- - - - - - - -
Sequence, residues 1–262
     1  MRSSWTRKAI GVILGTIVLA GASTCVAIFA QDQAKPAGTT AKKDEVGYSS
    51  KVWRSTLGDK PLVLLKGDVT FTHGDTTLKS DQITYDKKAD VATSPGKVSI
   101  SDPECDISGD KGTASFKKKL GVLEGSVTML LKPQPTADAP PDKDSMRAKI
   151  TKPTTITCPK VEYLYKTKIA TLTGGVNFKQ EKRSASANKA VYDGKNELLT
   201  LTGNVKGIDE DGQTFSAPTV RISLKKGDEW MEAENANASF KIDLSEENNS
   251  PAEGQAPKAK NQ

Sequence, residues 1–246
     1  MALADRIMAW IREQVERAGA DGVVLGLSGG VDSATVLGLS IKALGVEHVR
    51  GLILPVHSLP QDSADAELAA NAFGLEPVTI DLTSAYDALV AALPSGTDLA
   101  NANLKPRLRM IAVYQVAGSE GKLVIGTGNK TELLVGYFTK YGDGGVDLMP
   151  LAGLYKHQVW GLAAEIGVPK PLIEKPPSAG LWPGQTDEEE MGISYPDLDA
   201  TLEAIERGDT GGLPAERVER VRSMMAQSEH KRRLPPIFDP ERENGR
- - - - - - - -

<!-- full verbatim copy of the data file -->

Sequence, residues 1–262
     1  MRSSWTRKAI GVILGTIVLA GASTCVAIFA QDQAKPAGTT AKKDEVGYSS
    51  KVWRSTLGDK PLVLLKGDVT FTHGDTTLKS DQITYDKKAD VATSPGKVSI
   101  SDPECDISGD KGTASFKKKL GVLEGSVTML LKPQPTADAP PDKDSMRAKI
   151  TKPTTITCPK VEYLYKTKIA TLTGGVNFKQ EKRSASANKA VYDGKNELLT
   201  LTGNVKGIDE DGQTFSAPTV RISLKKGDEW MEAENANASF KIDLSEENNS
   251  PAEGQAPKAK NQ

Sequence, residues 1–246
     1  MALADRIMAW IREQVERAGA DGVVLGLSGG VDSATVLGLS IKALGVEHVR
    51  GLILPVHSLP QDSADAELAA NAFGLEPVTI DLTSAYDALV AALPSGTDLA
   101  NANLKPRLRM IAVYQVAGSE GKLVIGTGNK TELLVGYFTK YGDGGVDLMP
   151  LAGLYKHQVW GLAAEIGVPK PLIEKPPSAG LWPGQTDEEE MGISYPDLDA
   201  TLEAIERGDT GGLPAERVER VRSMMAQSEH KRRLPPIFDP ERENGR